I have such a wonderful guest blog post for you written by soon to be a debut author Rebecca Duval.
This is such a brave thing to write about and I’m so pleased she’s chosen to share it with us.
Over to you, Rebecca.
This is not a blog post I ever imagined myself writing, but as Allen Saunders, and later, John Lennon said – “Life is what happens while you are busy making other plans.” Or in this case, life is what happens when you’re busy writing a book. It would be over-simplistic, and somewhat dramatic to say that I looked up one day from the pages of the romance novel I was writing and realised my own relationship was over, but in many ways it felt like that.
It had been a tough and busy year with a big move- not only to a new house, but to an entirely new part of the country, settling the kids in at a new school and frantically trying to rewrite the book I’d finished a year before while my partner studied for a masters degree. To the outside world, the fact that my 15 year relationship wasn’t able to withstand that pressure might have been understandable, but to me it wasn’t. This wasn’t part of the plan. For months, my focus had been on the Happily Ever After of a fictional couple, and now my real-life HEA was uncertain.
Working through any break-up is tough, but when you’re a romance writer, it feels doubly so. Even after the practicalities were taken care of, the logistics figured out and the dust was settling around me, I still couldn’t bring myself to revisit the book I’d been editing when my life had exploded. It felt like that book had been written in another lifetime, by another Rebecca entirely, and I had no idea how- or even if- I would be able to bridge that chasm in order to get my debut out into the world.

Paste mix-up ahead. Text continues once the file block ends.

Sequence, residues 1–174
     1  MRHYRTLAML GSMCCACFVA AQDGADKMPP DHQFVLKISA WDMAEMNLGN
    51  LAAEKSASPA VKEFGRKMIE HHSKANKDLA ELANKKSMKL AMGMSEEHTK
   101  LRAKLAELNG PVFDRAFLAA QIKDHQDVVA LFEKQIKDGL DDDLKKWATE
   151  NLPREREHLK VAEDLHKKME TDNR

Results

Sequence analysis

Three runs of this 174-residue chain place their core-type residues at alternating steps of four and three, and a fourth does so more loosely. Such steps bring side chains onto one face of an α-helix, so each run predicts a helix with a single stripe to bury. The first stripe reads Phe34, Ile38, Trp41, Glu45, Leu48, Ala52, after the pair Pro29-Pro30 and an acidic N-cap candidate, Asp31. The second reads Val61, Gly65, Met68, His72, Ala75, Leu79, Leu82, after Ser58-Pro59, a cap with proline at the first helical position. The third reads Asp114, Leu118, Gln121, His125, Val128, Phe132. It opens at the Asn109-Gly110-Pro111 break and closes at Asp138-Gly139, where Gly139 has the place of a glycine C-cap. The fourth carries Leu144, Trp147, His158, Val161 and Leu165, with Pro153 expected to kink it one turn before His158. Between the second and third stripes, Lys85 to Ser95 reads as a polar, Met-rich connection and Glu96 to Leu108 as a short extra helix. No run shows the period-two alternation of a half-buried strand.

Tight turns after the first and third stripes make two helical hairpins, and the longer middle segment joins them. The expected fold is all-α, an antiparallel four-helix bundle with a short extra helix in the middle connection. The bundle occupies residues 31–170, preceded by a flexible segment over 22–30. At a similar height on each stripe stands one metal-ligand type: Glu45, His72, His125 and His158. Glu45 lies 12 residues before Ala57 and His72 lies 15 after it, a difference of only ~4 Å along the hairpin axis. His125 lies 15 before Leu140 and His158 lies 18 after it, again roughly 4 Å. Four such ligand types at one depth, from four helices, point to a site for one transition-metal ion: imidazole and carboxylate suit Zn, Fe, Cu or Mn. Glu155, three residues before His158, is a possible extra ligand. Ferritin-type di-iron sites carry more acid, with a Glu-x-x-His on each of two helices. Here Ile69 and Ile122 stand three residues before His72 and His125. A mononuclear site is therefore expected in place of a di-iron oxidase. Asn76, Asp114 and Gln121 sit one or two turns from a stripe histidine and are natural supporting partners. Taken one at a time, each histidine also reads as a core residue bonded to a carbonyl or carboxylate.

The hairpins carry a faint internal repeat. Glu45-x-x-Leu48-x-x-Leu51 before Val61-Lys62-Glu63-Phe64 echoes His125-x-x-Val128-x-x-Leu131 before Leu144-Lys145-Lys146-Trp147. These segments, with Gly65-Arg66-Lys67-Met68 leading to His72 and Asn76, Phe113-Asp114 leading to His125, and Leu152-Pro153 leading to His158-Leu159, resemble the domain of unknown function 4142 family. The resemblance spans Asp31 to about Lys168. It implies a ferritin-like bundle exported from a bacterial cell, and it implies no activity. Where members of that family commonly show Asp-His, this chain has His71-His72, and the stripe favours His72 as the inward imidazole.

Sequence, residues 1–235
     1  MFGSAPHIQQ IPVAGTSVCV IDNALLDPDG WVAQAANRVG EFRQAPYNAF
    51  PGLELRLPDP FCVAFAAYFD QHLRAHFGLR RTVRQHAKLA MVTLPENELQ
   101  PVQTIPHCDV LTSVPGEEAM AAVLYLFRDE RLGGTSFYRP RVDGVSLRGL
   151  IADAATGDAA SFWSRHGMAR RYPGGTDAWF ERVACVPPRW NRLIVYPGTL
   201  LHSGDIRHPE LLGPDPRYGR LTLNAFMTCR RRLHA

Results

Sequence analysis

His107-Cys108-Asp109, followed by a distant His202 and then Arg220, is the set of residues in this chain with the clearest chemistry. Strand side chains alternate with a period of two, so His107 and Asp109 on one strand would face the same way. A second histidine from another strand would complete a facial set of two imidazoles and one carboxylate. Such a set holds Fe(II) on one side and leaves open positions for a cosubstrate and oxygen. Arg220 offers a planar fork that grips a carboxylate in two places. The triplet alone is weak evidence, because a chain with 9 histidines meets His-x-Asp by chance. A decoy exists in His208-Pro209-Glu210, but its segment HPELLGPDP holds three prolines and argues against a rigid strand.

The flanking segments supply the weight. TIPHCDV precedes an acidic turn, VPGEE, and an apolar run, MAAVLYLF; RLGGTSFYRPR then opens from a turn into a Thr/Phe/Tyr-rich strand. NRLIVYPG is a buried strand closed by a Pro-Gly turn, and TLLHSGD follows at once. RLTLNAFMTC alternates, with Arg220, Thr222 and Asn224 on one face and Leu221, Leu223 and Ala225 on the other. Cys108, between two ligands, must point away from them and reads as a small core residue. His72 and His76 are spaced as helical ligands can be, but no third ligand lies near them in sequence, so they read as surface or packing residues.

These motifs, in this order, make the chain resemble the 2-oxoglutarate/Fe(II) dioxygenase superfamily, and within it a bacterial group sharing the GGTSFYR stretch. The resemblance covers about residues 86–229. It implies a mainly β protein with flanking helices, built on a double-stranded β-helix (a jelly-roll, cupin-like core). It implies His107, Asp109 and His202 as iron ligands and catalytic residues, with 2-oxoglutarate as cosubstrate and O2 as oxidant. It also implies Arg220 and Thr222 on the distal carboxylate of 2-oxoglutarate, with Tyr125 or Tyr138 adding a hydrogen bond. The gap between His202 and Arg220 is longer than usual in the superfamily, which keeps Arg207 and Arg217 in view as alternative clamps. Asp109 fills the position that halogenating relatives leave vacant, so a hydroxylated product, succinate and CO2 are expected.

But here I am, just three weeks away from my book’s release date. Living proof that it’s possible. So for any other romance writers out there who find themselves in the situation I did, here’s how I made it back to my keyboard:
Ha. But in all seriousness, I’m not kidding with this one. Take your time. When you’re going through a break-up it may feel like the world is moving on without you, while you’re stuck in a sort of limbo between your old life and your new one, but one thing that isn’t going anywhere is your story. Whatever stage you were at with it when you last closed your laptop or put your pen down to focus on real life, that’s where it will be when you feel ready to go back to it. Yes the world needs your novel, but your novel needs you, and it needs you to be in the right headspace when you go back to it.
If you open the word document and think the whole thing looks unrecognisable, or you can’t imagine how you could ever write a first-kiss or a perfect proposal ever again, then you know it’s too soon. For me, I knew it was time when my new life had settled into enough of a gentle rhythm that thoughts of my book and characters would pop into my mind unbidden. If you have the headspace to daydream- even if it’s just a couple of minutes here and there, then you know you’re onto a winner.
2. With grit